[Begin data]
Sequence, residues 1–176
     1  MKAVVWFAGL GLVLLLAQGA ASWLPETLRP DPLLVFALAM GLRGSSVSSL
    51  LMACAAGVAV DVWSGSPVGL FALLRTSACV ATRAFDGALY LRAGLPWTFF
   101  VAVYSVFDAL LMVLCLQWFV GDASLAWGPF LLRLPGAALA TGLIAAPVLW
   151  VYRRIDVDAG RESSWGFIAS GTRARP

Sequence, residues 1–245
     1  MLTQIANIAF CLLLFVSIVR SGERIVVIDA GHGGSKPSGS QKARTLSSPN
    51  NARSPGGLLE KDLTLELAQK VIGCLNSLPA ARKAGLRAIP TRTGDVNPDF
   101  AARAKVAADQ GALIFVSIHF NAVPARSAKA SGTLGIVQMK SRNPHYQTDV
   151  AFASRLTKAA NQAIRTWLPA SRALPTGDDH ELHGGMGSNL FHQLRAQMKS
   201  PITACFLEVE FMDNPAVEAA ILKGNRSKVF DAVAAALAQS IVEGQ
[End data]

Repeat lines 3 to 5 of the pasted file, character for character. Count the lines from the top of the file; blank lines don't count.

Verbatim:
    51  LMACAAGVAV DVWSGSPVGL FALLRTSACV ATRAFDGALY LRAGLPWTFF
   101  VAVYSVFDAL LMVLCLQWFV GDASLAWGPF LLRLPGAALA TGLIAAPVLW
   151  VYRRIDVDAG RESSWGFIAS GTRARP